Thanks, Marshall, and thank you, everyone for joining us or joining us again. And, boy, what a difference a week makes. A lot has happened since our last briefing, and more, no doubt, is yet to come. Before we get going on this initial slide and the groupings here, I just wanted to, I wanted to note a few things quickly. So, so, first, the groupings that you see here are, you know, our groupings, and they’re generalizations, at best. You know, each state is different. There’s a fair amount of overlap conceptually amongst the states, but each state is different. And so, these groupings, or mind, they’re generalizations, your analysis could, you know, result in you moving a state from one group to another. I’m sure that’s perfectly relevant, but at least, hopefully, this will give you a good sense of directionally, where the states are. Second, kind of similar or related to the first point, the devil is in the details here. State laws regarding licensure in telemedicine, as all of you, I’m sure, know, are complicated. And the changes that we’ve been seeing in many instances, simply make them more complicated. And so, really need to focus in on the specifics of each to really understand exactly how they work. And, and, finally, you know, what we’re talking about here in this slide relates to the things that are new, right. The things that are applicable in this emergency situation. So, this chart doesn’t take into account things like the licensure compact or existing exemptions for licensure, unless it’s very specific to an emergency circumstance. So, let’s take a look and, and see kind of where we are again, more directionally than specific. So, today, by my count, we have nine states that have pretty broad waivers in place, meaning no license is required. These are the state’s listed in the first row. This is contrasted, I think, with the third group, the expedited special licensing group, which largely create, through an expedited licensing process, create a broad application of being able to practice cross state lines with hopefully, a fairly limited set of steps to take in order to be able to do so. It is important to note that while some of the jurisdictions noted in the broad waivers in place group require little or no action on the part of a practitioner, that is generally not the case. And certainly, with respect to those states where we have a licensing process in place, there is that licensing process that has to take place. And even though it may happen quickly, it needs to, it needs to, it needs to happen. So I think if you take a look at the first grouping and the third grouping, what you see is 25 states, roughly half the, I’ll say roughly because again, you can kind of move some of these, some of these states around. So roughly half the states have now adopted either waivers or licensing processes that will allow practitioners to fairly quickly get authorization to operate in states in which they do not currently have a license. And, I’ve noted here as well that some states are active in the process of considering some expedited licensing process or, or other waiver process. Other states have, have taken a more focused or limited approach. And you can kind of group the second group and the fourth group together if you, if you’d like. The fourth group really is just a subset, really, of a particular type of limitation in the, that would otherwise appear in the second group and these are, you know, they’re varying degrees of limitations. And again, you can go into well, maybe X state should be in a different category. But, you know, taking, as an example a jurisdiction close to home from a, the District of Columbia or even Maryland, these approaches, one being a license approach and one being a waiver approach, require some degree of connectivity with the jurisdiction with D.C or Maryland. And so, they’re not as easy to take advantage of from a national sort of practice or focus and require that additional level of connectivity, and in that regard, in some ways, kind of share some of what you see in the states identified in the fourth grouping, which are really more focused on protecting or allowing for people entering the jurisdiction to provide assistance during the during the period of, of a crisis or an emergency. And this, I think, you can you can easily read as a reflection of why you would want to have licensure waivers or expedited licenses and processes in place at the time of an emergency. If we think, you know, 20 years ago wherein a lot of legislation was written that maybe fall into this category, we weren’t really thinking about telemedicine, we weren’t really thinking about virtual care, and so it was really a matter of well, gee, if we have some disaster, an earthquake, a massive fire, flooding whatever it is, and we need people to come literally, physically come into the state to assist, those are emergency responders, we need to provide some degree of, of latitude for them. It doesn’t really translate into the circumstance that we have now of this pandemic. So again, the second and fourth groupings, kind of think of those together as well. And again, the devil is in the details. The final category, states where we just have not seen, really, what, what I would describe as meaningful action specifically to accommodate what’s going on. It includes jurisdictions where there has been some action. So, for example, in Wyoming, there is a procedure in place to allow for consulting on cases that, that happens pretty quickly. And this was adopted in light of what was going on. It doesn’t really help tremendously from the perspective again of an operating plan that would want us to be able to move quickly into a state and provide services via, for some virtual care modality. So, those, those final states, nine or so, excuse me, 13 or so, really have not, not taken up meaningful action yet. So, more than half, then, if you’re looking at it in that regard, have put in place, or have in place some degree of openness to cross border practice, either through specific legislation, specific acts of medical boards or departments of health, and are moving, and moving in that direction. We can move on to the next slide.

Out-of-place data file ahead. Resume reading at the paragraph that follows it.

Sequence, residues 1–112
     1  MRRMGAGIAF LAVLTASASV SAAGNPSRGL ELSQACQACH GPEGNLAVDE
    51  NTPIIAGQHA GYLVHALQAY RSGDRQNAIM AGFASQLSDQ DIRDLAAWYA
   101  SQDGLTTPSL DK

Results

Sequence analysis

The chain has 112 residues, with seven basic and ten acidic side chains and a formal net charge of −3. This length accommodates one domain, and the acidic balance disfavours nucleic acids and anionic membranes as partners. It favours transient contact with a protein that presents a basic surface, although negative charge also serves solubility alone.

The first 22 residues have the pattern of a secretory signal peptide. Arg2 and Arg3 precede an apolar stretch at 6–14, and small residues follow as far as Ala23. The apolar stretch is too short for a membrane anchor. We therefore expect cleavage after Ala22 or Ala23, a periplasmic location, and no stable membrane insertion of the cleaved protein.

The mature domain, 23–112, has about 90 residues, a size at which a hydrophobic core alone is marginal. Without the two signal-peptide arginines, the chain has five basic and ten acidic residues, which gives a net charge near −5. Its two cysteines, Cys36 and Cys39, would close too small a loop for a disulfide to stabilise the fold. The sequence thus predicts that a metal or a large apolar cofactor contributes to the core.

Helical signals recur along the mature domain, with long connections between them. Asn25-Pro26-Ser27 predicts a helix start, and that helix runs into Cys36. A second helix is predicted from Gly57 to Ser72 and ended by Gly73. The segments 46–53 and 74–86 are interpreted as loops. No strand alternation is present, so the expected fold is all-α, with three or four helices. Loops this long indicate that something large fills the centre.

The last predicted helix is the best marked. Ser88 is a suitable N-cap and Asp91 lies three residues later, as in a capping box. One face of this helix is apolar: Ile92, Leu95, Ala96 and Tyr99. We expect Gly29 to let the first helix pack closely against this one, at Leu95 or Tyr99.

If we think about then, when we turn our attention to the more particular requirements associated with telemedicine, we’re seeing an awful lot of movement as well. And I think this is, this is maybe a little bit slower to develop, a little bit more focused, and state-by-state focused, you know, the expansion of licensure, as I mentioned before, the concept of bringing in practitioners during a time of emergency is not anything that’s particularly new. But telemedicine itself is particularly new, and I’m sure everybody on the phone knows, the requirements associated with telemedicine reimbursement and the requirements associated with how care is delivered in a virtual setting, these can be fairly complicated. And there has been some movement behind loosening some of those restrictions. So, on the reimbursement side, for example, you’re beginning to see in some jurisdictions, these are not broad, these are not happening quite yet, what I would describe as broadly throughout the country, like we’re seeing it on the licensing side, but we are seeing increasing numbers of jurisdictions adopting changes to their Medicaid regimes to allow for reimbursement of telemedicine and also, quite frankly, expanding the types of modalities for which reimbursement may be made available. We’re seeing some mandates for coverage and payment for telehealth services under, under private insurance products that are, are governed by, by the state. And similarly, we’re seeing expansions of what constitutes telemedicine, in what one is able to do via telemedicine. We’re seeing expansion of provider types, sometimes specifically that certain types of practitioners for which, perhaps the existing lull is not as clear, are opening, the states are opening up or making clear that those professionals can provide their services via telemedicine or via a virtual care modality. So, these are, these are things, again, happening in the state a little bit more slowly, sometimes a little bit more focused and narrowly crafted, but they are happening, and again, I expect we’ll, we’ll continue to see them happening. And I think also we all need to just be mindful of malpractice coverage. I know people are moving very quickly, but it’s important to make sure to review and make sure that we’re, that we’re aware of what our malpractice coverage is, and whether practicing with respect to, or under some of these regimes really works and that coverage is, is expanded. So, things to focus on and pay attention to for sure. So next slide, please.